In general terms, “Cooling the Lava” focuses on processes occurring within the earth’s crust, and how these processes physically change land above the earth. By knowing this, we can demonstrate how “Earth is a dynamic and constantly changing planet”, as states the first theory of the Enduring Understandings. During the main eruption on Mt. Heimaey, a similar change occurs when molten rock from the earth’s mantle breaks through the crust, creating a fissure alongside a nearby village. During the start of Eldfell’s eruption of 1973, “the magma had moved forty thousand feet upward in the earth in less than a day”. Tremors, falling debris, and deadly gasses that all appear within the start of the eruption prove how matter and energy contained in the earth are prepared to dramatically destroy, and at the same time recreate earth’s land. In this instance, the Enduring Understanding is resembled by two processes, where human engineering prevented obvious damage from an eruption by introducing a new tactic, and how this shows that the earth is still changing by the aftermath of these eruptions. Although this matter is often discussed in the severe eruptions evaluated during the course of this chapter, these processes genuinely originated and have affected the movements of tectonic plates, which are another important discussed factor of “Cooling the Lava”. McPhee describes how this occurs. “Radioactivity in the deep rock creates so much heat that it must find a way out... it eventually encounters the thin surface plates, and may help explain why they move... like the needle of a sewing machine penetrating moving cloth”. The certain connections that are made between magma from the mantle, versus the thinner and outermost continental and oceanic plates, show that earth’s processes are interconnected and constantly changing the form of the earth, agreeing this precise concept of the Enduring Understanding. Although there are many diverse, separate processes inside and outside of the planet, this chapter proves that it is their interactions with each other that create the complex network that we see in our environment.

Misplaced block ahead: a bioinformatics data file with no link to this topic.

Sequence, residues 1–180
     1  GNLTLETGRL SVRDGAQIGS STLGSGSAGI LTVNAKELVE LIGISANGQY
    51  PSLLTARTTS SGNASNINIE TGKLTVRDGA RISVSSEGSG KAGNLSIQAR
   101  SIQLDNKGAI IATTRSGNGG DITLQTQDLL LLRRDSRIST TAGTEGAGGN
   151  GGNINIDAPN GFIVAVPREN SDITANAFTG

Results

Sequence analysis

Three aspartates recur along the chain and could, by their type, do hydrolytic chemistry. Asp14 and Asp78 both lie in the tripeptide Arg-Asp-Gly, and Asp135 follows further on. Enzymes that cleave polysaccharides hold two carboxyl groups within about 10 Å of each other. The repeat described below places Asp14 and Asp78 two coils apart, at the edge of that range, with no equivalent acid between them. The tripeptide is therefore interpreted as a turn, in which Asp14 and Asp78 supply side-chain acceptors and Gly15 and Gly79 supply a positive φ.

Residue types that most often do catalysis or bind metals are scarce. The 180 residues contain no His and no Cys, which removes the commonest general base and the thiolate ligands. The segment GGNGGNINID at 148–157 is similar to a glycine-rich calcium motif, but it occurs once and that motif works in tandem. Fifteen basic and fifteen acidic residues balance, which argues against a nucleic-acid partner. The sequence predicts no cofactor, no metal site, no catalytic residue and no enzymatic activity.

Like the title suggests, McPhee’s third chapter, “Los Angeles Against the Mountains,” generalizes Los Angeles’ many conflicts between it and its’ surroundings and environment. The large city’s unique location provides necessary resources, that ultimately cause an abundance of forest fires, which lead to debris flows, and other problems that threaten its’ society. In analyzing the exclusive features, specifically plant life, that account for the land’s environmental behavior, one can prove how “earth systems are interconnected to, dependent on, and shaped by life systems”. The vegetation found on Los Angeles, the chaparral plant, as heavily described in the chapter, survive completely on the common and unavoidable forest fires that occur here and have evolved to adapt to this lifestyle. During a large fire that was nourished by long untouched vegetation, “the century-old fuel of the Middle Fork was so combustible that afterward there were not even stumps”. It is therefore valid to conclude, that many of Los Angeles’ ecological processes, such as its wildfires, are caused mainly by the life systems is supports. Moreover, the aftermath effects of these forest fires are also provoked by these life systems. Much vegetation, including chaparral, is said to become “waterproof”, after it has been burnt, covered in a wax like substance. This factor, mixed with the rare rainfalls that Los Angeles occasionally receives, and the steep mountainsides in which they exist on, unavoidably triggers debris flows which are a constant concern for the city. McPhee describes the waterproof ash remains of the Middle Fork fire as, “Three hundred and ninety thousand cubic yards of loose debris... awaiting mobilization”. Clearly, this complex arrangement held by Los Angeles’ environment dramatically shape, as well as modify, the behavior of everyday processes on earth, as seen in Los Angeles’ ecosystem.